Monthly Archives: May 2017

questions without answers

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Hummingbirds
by Mary Oliver

The female, and two chicks,
each no bigger than my thumb,
scattered,
shimmering
in their pale-green dresses;
then they rose, tiny fireworks,
into the leaves
and hovered;
then they sat down,
each one with dainty, charcoal feet –
each one on a slender branch –
and looked at me.
I had meant no harm,
I had simply
climbed the tree
for something to do
on a summer day,
not knowing they were there,
ready to burst the ledges
of their mossy nest
and to fly, for the first time,
in their sea-green helmets,
with brisk, metallic tails –
each tulled wing,
with every dollop of flight,
drawing a perfect wheel
across the air.
Then, with a series of jerks,
they paused in front of me
and, dark-eyed, stared –
as though I were a flower –
and then,
like three tosses of silvery water,
they were gone.
Alone,
in the crown of the tree,
I went to China,
I went to Prague;
I died, and was born in the spring;
I found you, and loved you, again.
Later the darkness fell
and the solid moon
like a white pond rose.
But I wasn’t in any hurry.
Likely I visted all
the shimmering, heart-stabbing
questions without answers
before I climbed down.

how it feels

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Dreams
by Mary Oliver

All night
the dark buds of dreams
open
richly.

In the center
of every petal
is a letter,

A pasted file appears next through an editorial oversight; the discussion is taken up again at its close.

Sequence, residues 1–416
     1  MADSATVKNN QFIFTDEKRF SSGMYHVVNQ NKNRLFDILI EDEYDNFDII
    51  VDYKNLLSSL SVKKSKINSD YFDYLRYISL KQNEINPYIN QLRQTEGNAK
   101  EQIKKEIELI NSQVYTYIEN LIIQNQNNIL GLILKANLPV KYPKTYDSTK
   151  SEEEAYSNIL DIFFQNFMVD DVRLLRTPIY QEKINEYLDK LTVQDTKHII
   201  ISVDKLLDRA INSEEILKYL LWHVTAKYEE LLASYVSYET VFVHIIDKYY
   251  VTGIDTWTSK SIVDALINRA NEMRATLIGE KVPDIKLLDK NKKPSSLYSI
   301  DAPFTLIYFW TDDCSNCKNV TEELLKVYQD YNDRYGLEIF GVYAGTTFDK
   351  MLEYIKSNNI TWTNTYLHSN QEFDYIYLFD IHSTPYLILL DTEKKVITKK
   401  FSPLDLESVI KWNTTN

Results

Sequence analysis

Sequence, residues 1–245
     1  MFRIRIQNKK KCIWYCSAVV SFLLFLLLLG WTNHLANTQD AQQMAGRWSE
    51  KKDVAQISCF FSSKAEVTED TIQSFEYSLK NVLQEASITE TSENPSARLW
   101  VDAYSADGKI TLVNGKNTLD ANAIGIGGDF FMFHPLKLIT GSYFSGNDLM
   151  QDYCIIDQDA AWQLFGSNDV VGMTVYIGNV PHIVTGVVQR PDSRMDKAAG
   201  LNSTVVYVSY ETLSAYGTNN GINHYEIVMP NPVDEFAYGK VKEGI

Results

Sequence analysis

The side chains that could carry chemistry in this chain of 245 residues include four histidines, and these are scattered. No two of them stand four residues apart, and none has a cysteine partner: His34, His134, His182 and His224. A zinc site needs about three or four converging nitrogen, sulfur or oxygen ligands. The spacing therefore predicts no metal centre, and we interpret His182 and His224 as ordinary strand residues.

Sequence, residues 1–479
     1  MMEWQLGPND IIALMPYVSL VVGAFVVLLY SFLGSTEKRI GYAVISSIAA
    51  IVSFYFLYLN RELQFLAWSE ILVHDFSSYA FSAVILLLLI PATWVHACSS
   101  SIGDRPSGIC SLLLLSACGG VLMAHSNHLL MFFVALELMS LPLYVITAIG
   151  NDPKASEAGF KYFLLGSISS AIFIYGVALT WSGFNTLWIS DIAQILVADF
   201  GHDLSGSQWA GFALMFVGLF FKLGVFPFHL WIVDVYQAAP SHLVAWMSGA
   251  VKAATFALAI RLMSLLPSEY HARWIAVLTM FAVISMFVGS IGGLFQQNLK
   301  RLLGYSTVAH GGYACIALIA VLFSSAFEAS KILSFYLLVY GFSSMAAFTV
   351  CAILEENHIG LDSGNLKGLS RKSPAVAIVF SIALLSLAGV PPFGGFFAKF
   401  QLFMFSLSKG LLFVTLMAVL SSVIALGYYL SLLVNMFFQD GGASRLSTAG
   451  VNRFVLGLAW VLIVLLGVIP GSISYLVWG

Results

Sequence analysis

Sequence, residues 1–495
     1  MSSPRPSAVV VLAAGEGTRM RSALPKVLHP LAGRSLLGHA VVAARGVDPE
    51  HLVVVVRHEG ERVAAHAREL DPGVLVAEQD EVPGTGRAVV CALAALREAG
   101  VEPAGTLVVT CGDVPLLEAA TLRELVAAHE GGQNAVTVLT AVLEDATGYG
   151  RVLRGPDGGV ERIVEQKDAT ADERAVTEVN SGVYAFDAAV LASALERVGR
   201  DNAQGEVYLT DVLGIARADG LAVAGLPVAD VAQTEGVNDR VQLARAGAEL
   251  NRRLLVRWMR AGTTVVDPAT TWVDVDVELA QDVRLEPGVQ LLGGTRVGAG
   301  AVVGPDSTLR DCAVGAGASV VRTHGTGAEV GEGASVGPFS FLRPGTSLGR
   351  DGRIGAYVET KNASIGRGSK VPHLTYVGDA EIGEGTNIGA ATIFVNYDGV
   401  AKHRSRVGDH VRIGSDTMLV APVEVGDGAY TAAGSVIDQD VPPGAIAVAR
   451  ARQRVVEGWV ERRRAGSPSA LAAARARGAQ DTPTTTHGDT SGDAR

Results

and you imagine

if you could only remember
and string them all together
they would spell the answer.
It is a long night,

and not an easy one—-
you have so many branches,
and there are diversions—-
birds that come and go,

the black fox that lies down
to sleep beneath you,
the moon staring
with her bone-white eye.

Finally you have spent
all the energy you can
and you drag from the ground
the muddy skirt of your roots

and leap awake
with two or three syllables
like water in your mouth
and a sense

of loss—-a memory
not yet of a word,
certainly not yet the answer—-
only how it feels

when deep in the tree
all the locks click open,
and the fire surges through the wood,
and the blossoms blossom.

dark and secret

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The Mockingbird
by Mary Oliver

All summer
the mockingbird
in his pearl-gray coat
and his white-windowed wings

flies
from the hedge to the top of the pine
and begins to sing, but it’s neither
lilting nor lovely,

for he is the thief of other sound–
whistles and truck brakes and dry hinges
plus all the songs
of other birds in his neighborhood;

mimicking and elaborating,
he sings with humor and bravado,
so I have to wait a long time
for the softer voice of his own life

to come through. He begins
by giving up all his usual flutter
and settling down on the pine’s forelock
then looking around

as though to make sure he’s alone;
then he slaps each wing against his breast,
where his heart is,
and copying nothing, begins

easing into it
as though it was not half so easy
as rollicking,
as though his subject now

was his true self,